NVIDIA GeForce GTX 650 Ti Boost Review: Bringing Balance To The Forceby Ryan Smith on March 26, 2013 8:00 AM EST
Bringing this review to a close, given the back-to-back launches of the GeForce GTX 650 Ti Boost and the Radeon HD 7790, our first instinct is to frame the GTX 650 Ti Boost in reference to the 7790. Indeed the GTX 650 Ti Boost will be NVIDIA’s 7790 competitor, but what we’re reviewed – a 2GB GTX 650 Ti Boost – is not the same as the 1GB card that will occupy that $149 price point. So we want to hold off on that comparison for a bit. We need to see a 1GB GTX 650 Ti Boost to properly make that evaluation.
When we opened this article we mentioned how there’s practically a card at every $10 between $100 and $200. For consumers on a fixed budget this is great since it means there’s a video card at every price, but without distinct islands it makes it harder for us as reviewers to make a recommendation. But as always we’ll take a stab at it.
In our 7790 review we mentioned how uneasy we are with 1GB cards right now due to the fact that larger cards have been on the market for some number of years by now, and game consoles are about to take a massive leap in RAM capacities. Of course neither AMD nor NVIDIA is going to offer a balanced 2GB card at $149 right now – what you can have is a 1GB 7790 or a 1GB GTX 650 Ti Boost. So with that said we’re going to hold to our earlier recommendation that if you’re in the market for a card around these price ranges and you can afford to go past $149, we’re at a point where a 2GB card is a reasonable investment. And to that end the 2GB GTX 650 Ti Boost is going to be $10-$15 cheaper than the 2GB 7850, making it the more affordable option for a 2GB card.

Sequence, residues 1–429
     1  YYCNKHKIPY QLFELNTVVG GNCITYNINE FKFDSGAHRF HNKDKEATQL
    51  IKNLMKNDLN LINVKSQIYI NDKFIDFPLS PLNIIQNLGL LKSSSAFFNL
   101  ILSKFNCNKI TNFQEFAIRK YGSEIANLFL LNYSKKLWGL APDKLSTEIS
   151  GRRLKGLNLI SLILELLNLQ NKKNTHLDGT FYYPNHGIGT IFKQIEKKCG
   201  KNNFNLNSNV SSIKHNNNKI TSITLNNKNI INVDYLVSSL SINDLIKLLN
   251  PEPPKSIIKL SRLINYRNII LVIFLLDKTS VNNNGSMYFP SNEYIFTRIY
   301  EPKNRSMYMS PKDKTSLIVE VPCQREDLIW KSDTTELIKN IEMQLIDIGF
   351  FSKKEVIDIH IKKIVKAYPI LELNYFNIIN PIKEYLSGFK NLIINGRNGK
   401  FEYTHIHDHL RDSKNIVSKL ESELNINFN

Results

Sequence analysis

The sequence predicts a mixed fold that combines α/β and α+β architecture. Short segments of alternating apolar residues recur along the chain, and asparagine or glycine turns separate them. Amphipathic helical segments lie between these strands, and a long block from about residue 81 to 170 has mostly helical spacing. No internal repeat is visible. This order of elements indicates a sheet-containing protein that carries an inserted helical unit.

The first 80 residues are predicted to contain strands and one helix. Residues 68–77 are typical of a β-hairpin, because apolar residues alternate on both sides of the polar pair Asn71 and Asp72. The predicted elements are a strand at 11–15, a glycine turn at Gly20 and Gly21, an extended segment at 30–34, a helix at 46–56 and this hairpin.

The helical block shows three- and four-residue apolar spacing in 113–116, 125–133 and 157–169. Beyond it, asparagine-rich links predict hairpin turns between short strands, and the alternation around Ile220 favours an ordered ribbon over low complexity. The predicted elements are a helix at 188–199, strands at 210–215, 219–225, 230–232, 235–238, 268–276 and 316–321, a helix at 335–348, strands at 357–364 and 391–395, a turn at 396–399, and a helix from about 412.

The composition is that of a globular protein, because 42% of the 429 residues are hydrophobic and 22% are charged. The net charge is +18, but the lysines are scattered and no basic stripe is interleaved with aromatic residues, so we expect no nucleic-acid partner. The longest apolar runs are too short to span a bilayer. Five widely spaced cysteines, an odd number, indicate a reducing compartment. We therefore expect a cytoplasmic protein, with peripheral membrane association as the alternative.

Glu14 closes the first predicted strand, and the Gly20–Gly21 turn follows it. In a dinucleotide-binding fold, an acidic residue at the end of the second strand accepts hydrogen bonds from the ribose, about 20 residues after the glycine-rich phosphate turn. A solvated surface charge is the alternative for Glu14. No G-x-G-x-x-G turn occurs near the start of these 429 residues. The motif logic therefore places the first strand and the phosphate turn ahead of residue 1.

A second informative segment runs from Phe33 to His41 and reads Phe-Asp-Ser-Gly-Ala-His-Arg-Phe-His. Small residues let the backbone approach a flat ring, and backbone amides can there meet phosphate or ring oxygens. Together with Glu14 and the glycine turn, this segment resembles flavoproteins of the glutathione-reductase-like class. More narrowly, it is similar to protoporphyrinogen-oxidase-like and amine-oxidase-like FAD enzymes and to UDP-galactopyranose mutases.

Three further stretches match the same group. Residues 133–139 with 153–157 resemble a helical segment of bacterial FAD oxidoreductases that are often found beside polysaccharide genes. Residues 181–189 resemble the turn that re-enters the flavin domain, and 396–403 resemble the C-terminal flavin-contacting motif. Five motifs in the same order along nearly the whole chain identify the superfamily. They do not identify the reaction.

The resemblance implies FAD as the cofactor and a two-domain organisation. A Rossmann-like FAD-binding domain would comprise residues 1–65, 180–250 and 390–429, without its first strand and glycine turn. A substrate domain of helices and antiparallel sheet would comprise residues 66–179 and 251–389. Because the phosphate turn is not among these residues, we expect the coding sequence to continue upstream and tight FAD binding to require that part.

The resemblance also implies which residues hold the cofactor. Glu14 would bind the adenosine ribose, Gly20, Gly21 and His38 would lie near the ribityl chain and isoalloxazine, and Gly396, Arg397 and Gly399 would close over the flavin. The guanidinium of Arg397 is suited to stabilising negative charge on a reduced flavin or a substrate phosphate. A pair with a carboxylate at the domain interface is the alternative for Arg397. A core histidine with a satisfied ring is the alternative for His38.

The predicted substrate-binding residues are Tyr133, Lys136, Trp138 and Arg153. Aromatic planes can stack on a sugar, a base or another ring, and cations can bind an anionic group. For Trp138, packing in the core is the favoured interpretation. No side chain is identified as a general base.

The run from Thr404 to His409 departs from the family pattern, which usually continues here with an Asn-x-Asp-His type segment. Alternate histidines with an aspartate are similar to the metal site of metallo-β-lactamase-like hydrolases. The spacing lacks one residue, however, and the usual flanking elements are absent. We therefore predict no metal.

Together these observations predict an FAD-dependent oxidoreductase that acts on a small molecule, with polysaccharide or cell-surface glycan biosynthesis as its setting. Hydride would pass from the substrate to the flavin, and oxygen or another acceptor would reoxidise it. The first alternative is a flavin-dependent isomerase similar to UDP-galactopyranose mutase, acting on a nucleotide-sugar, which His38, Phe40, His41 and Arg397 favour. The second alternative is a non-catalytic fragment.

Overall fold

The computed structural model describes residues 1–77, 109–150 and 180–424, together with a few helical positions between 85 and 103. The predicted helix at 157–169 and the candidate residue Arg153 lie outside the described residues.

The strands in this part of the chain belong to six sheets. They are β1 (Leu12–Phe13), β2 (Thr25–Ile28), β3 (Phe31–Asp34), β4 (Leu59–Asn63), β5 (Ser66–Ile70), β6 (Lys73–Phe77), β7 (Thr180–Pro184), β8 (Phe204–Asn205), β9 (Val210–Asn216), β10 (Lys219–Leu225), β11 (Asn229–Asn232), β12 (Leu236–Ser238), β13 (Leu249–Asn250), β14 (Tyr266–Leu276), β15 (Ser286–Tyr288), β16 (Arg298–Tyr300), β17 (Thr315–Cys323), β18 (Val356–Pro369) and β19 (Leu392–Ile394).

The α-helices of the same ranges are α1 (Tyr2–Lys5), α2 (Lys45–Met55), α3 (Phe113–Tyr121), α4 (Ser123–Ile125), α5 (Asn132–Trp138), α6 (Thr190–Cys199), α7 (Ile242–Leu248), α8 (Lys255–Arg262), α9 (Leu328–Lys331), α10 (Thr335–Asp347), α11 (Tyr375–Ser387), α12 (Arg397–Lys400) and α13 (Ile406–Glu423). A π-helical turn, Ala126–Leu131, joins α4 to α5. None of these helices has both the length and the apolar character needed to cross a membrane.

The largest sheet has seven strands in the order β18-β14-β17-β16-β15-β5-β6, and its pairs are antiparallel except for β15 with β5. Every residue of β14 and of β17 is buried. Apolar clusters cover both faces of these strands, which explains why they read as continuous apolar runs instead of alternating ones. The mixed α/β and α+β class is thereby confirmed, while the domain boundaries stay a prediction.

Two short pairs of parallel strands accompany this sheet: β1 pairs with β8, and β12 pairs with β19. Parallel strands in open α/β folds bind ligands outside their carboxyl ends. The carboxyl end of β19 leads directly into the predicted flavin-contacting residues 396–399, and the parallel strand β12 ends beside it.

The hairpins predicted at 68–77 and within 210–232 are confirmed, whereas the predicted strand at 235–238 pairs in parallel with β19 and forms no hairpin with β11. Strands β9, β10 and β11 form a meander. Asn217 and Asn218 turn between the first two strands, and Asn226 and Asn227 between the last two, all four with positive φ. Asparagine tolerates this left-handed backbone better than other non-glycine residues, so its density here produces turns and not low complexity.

Moving along, with the chief competitor for the 1GB GTX 650 Ti Boost being the recently launched Radeon HD 7790, the chief competitor for the 2GB version is going to be AMD’s Radeon HD 7850 2GB. The GeForce card will have a $10-$15 price advantage on average, keeping in mind that the price of the 7850 is typically in flux due to price changes and temporary rebates.
The performance of the two cards is close at times, but ultimately the GTX 650 Ti Boost spends most of its time trailing the 7850 to some degree, its only lead being in Battlefield 3. With those BF3 results pushing the cards to within 5% of each other on average, otherwise the gap is closer to 8%. As such the GTX 650 Ti Boost is unquestionably the weaker card in our benchmarks, just not significantly so. So for it to be priced under the 7850 is the right move here.
In any case, as a 7850 competitor the GTX 650 Ti Boost is nothing amazing – its price and performance are close to the 7850, a card that has been sitting at its current price for months now – meaning it fills its intended role as a slightly cheaper, slightly slower 7850 competitor, but nothing more. If we had to pick between the two of them the 7850 does look a bit better due to its slightly higher performance and lower power consumption, but most buyers should be happy with either one. As we said in our introduction this is a case of balance being returned to the market – where there was once just the 7850 there is now a viable alternative from NVIDIA in the form of the GTX 650 Ti Boost 2GB.
Ultimately with a card at every $10 amidst a packed market there isn’t any kind of real sweet spot right now, so we don’t have any strong recommendations. For buyers on a fixed budget recent launches like the GTX 650 Ti Boost and 7790 introduce newer and better options at $169 and $149 respectively. Otherwise there’s a clear chain of progression right up to $200, and the best card is going to be the card you can afford.